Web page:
Any of you who came as guests during  the second half of summer 2010  might remember talk about a wild horse that was patrolling the perimeter of the ranch. When we first noticed the wild horse, there was cause for immediate concern. The horse was right outside of the pasture where all of our young horses, animals ranging in age from one to four, live. It is fairly rare to see a wild horse alone, as horses are herd animals, so this lone horse on the other side of the fence from our young horses was an unusual sight. If you do see a lone wild horse, it is usually a young stallion who has been kicked out of his original herd by the dominant stallion and is now looking for a new herd of mares. We were concerned because it would be very problematic to have a wild stallion jump into the pasture with our young horses. He could cause a lot of problems, both impregnating young mares and hurting horses, quite quickly. When we finally got a closer look at the chestnut mustang, we were surprised and relieved to see she was a fairly  young mare. After discovering her sex, we were no longer worried, only curious about her journey to our ranch.

She must have originated on the Wind River Indian Reservation, home to the Shoshone and Arapaho tribes. There are a number of wild horse herds on the reservation, and probably once every other summer or so, a few lucky Bitterroot Ranch guests have the great fortune of seeing one of the herds from a distance on a ride. The ranch shares borders with the reservation, the Shoshone National Forest, land owned by the Wyoming Department of Game and Fish, and land owned by the Bureau of Land Management (BLM). The East Fork of the Wind River flows through the ranch and then through the valley below us. Below the ranch, the river serves as a divider: east of the river belongs to the reservation and west of the river belongs to Game & Fish. When we first saw the wild mare, she was across the fence from our  young horses on BLM land. She must have crossed the Wind River, leaving the reservation, then crossed Game & Fish land, finally arriving on BLM land and the fence line with our herd of Arabians. How she was separated from her herd and why she made her journey, we will never know.

Just after she appeared, we had a guest, Judy, who was particularly enamored with the idea of a wild horse taking up residence right next to the ranch. She made it a mission to observe the wild mare throughout the week she was with us. One morning, Judy made a special request: could we devote a ride to the area in which the wild mare had been living in order to observe her? Nina, one of our beloved, long-time guests, also wanted to go, so I had the pleasure of taking them on a ride in pursuit of the wild horse, or as Judy had named her, Freedom. We rode all morning without seeing Freedom. We were disappointed, but the morning had been clear and the ride beautiful, so we were still in good spirits. As we were about to head back to the ranch, we saw Mel riding up to us– she also wanted to join in the search! We decided to ride one more circuit, and as we turned, Freedom appeared. We rode right up to the fence that separated her from us, and for about fifteen minutes, she gave us quite a show. At times she stopped, head high, ears forward, locking eyes with out horses. At other moments, she pranced the fence line, demonstrating the incredible suspension in her movement. Still at other times, she would drop her head to the ground, snorting and pawing the earth with her hoof. It was a breathtaking interaction, one I am sure none of us will forget.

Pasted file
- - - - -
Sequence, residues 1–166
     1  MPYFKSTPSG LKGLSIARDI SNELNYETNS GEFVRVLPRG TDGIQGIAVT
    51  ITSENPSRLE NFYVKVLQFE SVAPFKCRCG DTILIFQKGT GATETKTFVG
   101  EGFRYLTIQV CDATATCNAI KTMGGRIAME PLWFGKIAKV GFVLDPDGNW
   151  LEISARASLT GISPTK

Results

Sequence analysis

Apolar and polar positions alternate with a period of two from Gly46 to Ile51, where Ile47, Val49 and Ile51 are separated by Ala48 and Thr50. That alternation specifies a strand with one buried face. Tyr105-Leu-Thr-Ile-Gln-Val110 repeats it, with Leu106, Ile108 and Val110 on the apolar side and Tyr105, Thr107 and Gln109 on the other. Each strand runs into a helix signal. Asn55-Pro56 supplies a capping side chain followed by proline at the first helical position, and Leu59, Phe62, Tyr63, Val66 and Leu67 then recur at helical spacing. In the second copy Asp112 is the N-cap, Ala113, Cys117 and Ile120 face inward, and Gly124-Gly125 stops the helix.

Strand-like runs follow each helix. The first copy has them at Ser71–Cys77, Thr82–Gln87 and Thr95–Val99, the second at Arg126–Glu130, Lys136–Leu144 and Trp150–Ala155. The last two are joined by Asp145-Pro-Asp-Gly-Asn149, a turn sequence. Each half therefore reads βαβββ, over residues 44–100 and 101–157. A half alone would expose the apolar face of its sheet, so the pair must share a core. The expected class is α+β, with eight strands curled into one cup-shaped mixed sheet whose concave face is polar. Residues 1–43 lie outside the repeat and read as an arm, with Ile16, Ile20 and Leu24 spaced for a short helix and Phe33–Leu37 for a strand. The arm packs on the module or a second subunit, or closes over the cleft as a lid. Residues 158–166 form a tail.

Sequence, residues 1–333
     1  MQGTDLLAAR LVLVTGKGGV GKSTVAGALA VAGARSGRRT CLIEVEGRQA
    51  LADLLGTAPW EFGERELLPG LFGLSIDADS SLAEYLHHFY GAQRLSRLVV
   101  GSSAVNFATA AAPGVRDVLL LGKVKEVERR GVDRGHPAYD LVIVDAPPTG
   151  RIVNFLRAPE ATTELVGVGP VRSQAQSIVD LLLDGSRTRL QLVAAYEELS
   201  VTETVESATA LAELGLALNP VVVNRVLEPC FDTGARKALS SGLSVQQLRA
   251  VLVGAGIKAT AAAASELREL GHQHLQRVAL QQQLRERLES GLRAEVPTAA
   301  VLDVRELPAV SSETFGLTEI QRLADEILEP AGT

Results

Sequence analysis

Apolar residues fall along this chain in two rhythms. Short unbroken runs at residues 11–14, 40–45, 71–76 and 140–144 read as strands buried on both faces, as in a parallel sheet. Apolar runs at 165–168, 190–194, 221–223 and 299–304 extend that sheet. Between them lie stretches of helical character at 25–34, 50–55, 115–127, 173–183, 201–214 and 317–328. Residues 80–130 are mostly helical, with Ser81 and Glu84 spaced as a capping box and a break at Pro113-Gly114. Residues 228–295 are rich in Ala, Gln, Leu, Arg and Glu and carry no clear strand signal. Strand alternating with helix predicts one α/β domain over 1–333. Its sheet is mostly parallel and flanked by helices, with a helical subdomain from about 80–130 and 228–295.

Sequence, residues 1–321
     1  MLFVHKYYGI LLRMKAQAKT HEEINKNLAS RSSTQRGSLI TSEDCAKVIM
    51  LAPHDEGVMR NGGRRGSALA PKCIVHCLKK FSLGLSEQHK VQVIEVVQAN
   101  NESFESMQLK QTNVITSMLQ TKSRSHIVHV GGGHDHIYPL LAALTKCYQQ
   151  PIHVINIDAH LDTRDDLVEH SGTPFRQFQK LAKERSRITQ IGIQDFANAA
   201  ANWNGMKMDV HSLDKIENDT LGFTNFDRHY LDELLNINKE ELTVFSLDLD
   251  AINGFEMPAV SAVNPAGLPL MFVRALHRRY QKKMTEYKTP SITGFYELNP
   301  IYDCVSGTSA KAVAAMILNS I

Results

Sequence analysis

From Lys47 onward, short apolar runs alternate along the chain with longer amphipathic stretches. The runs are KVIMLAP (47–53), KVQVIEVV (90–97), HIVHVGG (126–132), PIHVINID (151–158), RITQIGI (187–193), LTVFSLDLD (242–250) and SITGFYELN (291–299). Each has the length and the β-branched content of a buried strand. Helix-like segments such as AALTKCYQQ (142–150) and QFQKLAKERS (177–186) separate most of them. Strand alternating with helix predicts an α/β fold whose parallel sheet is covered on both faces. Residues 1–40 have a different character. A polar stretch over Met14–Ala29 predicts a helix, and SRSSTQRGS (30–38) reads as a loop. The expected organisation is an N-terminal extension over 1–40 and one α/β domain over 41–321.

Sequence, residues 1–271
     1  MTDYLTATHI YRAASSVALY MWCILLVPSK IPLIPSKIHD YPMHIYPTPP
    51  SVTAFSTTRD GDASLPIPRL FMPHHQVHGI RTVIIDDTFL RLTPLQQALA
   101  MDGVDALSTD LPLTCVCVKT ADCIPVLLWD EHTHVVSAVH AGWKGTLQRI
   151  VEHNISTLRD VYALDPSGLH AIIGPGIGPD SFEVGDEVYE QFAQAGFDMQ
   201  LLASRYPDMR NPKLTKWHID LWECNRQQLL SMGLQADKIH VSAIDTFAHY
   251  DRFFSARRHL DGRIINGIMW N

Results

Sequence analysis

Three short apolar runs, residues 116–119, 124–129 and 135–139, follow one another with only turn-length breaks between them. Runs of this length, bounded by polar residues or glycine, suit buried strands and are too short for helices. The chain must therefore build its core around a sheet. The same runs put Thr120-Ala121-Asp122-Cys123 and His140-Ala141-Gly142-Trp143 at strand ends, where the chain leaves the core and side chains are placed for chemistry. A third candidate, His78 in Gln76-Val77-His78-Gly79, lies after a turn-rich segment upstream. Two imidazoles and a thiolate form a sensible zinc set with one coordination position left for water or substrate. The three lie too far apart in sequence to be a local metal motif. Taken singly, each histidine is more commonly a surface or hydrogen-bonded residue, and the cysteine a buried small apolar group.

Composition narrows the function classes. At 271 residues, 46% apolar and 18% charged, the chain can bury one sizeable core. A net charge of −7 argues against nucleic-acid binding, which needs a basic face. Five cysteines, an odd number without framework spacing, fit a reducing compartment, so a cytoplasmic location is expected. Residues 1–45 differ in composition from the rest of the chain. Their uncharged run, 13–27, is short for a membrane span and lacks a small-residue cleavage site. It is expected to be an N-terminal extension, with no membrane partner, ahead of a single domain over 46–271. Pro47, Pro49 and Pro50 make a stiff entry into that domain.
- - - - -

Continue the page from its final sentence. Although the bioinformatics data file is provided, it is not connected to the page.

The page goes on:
For the rest of the summer and fall, Freedom would come and go from the fence line. There were plenty of native grasses for her to eat on the BLM land, and we could see her tracks to and from the river, where she would water each day. Sometimes we would not see her for days, but we would still see her tracks, and she always returned. When autumn turned to winter, Freedom explored less and less. Worried about her pawing through snow to eat grass, Mel started throwing her hay each morning after feeding our herd of horses. Freedom now knows the routine and waits each day for her ration. After you hay her, you can lean on the fence, not 5 feet from where the hay is, and she will come and eat it. She is certainly not tame, but she understands that people are providing her food this winter.

We plan to let Freedom decide her own fate. The fence is not prohibitively high, so if she really wants to jump in with our herd, she can. If she chooses this, we will welcome her. If she chooses to stay on the wild side of the fence, we will gladly feed her each winter and let her roam the range each summer. At this point, she seems quite content with her life. She can touch noses with our horses across the fence, while still enjoying the boundless expanses of open space. Time will tell what Freedom will decide! Here she is, awaiting her winter hay: